Small bread distributors can now launch a class action against bread manufacturing giants for losses related to uncompetitive behaviour.
A Constitutional Court judgment has opened the way for a Western Cape group of small bread distributors to launch a class action against bread manufacturing giants for losses relating to uncompetitive behaviour.
The Constitutional Court on Thursday overturned the rulings of both The Western Cape High Court and the Supreme Court of Appeal which denied small bread distributor, Imraahn Ismail Mukaddam, permission to bring a class action against Pioneer Foods, Tiger Brands and Premier Foods.
The Constitutional Court referred the case back to the Western Cape High Court for the matter to be heard again.
Mukaddam and other small bread distributors last year applied to the high court for permission to bring a class action, with an aim to seek damages against these three manufacturers that, amongst others, were found guilty of anti-competitive behaviour, including fixing the price of bread, by the Competition Commission back in 2010.
Mukaddam said he planned to bring three claims against these companies based on the Competition Commission's finding, in his own interest and on behalf of other distributors. But both the high court and the Supreme Court of Appeal cases were unsuccessful.
The Supreme Court of Appeal held that the claims Mukaddam intended to pursue were bad in law and that he had failed to establish exceptional circumstances for instituting a class action.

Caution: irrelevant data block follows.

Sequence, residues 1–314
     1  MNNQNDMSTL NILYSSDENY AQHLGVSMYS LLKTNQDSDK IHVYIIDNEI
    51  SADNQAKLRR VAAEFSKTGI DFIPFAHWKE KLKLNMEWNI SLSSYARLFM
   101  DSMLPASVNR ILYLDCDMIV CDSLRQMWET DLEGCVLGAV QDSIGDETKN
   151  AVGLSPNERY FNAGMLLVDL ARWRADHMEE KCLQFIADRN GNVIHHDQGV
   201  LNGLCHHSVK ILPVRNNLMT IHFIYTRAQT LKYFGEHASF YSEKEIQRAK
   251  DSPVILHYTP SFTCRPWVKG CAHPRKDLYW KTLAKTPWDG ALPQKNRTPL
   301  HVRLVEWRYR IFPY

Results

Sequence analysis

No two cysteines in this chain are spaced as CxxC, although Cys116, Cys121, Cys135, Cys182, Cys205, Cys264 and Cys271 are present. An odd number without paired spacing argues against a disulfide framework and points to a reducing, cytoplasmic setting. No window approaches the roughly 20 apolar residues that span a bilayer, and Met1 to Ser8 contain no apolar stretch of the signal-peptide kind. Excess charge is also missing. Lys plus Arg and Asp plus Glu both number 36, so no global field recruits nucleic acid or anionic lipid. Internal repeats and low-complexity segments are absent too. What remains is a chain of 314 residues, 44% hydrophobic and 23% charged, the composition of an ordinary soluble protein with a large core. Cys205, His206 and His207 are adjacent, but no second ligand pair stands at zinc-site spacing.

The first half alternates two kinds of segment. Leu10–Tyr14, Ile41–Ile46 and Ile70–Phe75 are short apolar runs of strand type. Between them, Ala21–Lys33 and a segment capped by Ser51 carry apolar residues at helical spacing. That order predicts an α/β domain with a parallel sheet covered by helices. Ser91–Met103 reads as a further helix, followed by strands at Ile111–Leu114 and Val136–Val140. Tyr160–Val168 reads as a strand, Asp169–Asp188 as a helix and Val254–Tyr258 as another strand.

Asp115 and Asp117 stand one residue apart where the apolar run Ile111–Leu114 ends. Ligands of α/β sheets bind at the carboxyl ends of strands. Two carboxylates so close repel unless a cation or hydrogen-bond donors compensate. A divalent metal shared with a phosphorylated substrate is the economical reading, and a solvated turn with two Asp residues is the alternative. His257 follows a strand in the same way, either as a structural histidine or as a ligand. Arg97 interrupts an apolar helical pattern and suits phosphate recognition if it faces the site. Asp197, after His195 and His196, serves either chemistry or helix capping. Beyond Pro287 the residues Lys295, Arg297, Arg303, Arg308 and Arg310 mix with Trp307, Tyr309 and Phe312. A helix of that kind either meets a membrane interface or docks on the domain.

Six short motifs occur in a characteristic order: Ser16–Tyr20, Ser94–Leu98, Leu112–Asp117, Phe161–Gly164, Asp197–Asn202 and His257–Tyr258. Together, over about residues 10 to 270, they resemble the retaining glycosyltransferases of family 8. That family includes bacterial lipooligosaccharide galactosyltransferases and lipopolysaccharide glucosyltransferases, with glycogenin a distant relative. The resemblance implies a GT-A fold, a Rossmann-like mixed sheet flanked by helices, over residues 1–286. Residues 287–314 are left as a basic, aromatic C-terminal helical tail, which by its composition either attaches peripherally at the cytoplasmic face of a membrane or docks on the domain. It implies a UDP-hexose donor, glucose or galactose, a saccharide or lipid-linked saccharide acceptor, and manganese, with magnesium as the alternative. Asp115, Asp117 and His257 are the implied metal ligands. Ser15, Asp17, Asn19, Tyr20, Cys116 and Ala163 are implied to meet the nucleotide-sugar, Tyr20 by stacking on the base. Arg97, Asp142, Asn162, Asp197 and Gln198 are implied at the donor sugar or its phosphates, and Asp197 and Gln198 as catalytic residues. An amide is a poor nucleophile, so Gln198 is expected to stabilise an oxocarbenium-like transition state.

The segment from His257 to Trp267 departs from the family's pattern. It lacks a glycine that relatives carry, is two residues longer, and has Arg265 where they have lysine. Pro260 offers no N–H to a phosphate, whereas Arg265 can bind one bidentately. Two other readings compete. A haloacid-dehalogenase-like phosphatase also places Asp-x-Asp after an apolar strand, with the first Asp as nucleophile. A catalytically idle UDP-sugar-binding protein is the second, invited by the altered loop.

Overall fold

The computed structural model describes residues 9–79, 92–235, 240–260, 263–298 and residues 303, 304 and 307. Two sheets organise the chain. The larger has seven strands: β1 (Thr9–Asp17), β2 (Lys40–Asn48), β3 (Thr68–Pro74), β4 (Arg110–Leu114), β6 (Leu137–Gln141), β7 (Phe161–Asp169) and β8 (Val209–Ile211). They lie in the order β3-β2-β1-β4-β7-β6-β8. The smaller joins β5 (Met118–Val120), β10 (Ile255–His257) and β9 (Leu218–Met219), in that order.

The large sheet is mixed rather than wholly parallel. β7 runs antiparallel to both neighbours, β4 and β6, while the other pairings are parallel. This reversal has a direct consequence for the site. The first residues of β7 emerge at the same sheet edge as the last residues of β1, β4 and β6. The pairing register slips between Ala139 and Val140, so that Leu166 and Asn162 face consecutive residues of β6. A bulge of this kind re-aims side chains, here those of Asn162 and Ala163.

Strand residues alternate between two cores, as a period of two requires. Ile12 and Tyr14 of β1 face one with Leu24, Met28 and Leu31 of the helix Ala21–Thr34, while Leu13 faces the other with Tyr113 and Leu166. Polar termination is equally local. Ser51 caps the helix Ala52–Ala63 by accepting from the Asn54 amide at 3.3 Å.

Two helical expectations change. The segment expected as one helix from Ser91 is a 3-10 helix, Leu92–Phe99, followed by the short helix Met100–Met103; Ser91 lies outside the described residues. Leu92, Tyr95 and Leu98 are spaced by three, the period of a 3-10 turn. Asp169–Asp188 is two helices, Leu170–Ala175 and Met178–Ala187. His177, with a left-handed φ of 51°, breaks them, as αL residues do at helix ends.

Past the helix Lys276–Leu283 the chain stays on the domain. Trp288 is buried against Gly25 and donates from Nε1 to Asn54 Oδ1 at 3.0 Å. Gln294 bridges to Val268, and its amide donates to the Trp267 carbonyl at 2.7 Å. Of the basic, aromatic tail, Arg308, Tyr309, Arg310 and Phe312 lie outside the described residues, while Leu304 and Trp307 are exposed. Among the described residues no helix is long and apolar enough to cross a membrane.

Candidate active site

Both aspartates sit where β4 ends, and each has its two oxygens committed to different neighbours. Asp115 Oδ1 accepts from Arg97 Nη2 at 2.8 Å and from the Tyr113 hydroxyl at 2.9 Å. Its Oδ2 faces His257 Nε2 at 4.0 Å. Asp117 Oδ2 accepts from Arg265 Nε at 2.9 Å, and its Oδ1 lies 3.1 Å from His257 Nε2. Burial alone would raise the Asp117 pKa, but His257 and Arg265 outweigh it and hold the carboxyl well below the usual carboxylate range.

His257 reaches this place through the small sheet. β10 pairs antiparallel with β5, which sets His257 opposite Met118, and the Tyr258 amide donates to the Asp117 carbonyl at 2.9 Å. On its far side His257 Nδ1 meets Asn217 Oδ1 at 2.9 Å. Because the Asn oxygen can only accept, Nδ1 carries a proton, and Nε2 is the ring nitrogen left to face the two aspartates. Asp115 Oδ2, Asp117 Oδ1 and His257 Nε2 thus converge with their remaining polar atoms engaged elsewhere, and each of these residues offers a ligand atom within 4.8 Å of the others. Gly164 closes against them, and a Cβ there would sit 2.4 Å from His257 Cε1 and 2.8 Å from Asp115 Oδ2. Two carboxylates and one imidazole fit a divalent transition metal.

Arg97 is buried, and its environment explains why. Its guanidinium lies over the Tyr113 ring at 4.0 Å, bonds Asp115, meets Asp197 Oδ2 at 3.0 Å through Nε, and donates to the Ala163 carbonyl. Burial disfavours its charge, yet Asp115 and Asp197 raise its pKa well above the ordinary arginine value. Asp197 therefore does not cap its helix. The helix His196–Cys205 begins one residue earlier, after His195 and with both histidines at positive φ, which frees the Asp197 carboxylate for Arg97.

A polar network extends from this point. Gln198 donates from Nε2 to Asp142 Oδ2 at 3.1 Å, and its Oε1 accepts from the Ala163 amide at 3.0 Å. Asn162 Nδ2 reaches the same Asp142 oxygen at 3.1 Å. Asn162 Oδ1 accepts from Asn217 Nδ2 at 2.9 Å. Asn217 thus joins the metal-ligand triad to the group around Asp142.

At the time Business Day reported that Schalk Burger SC, for Pioneer Foods, said one of the prerequisites for a class action was that there should be common facts. Burger said in this case, there were different distributors with different discounts with the producers and different cost structures and efficiencies.
On Thursday, however, the Constitutional Court overturned the rulings of both the high court and the Supreme Court of Appeal, and found that the court had applied the incorrect test to Mukaddam's request as that the correct standard is to determine if the institution of a class action would be in the interest of justice.
The court also awarded Mukaddam costs for legal fees for both Constitutional Court and supreme court cases, despite the supreme court making no finding of costs in its order.
Pioneer Foods, Tiger Brands and Premier Foods were found guilty by the Competition Commission of colluding to push up the cost of bread to consumers, and in turn decreasing the discounts offered to small distributors like Mukkadam.
In 2010 Pioneer settled on a total penalty of nearly R1-billion. Premier was granted immunity from prosecution in exchange for co-operating with the commission, while Tiger Brands, which also co-operated, was fined more than R90-million. – additional reporting from Chantelle Benjamin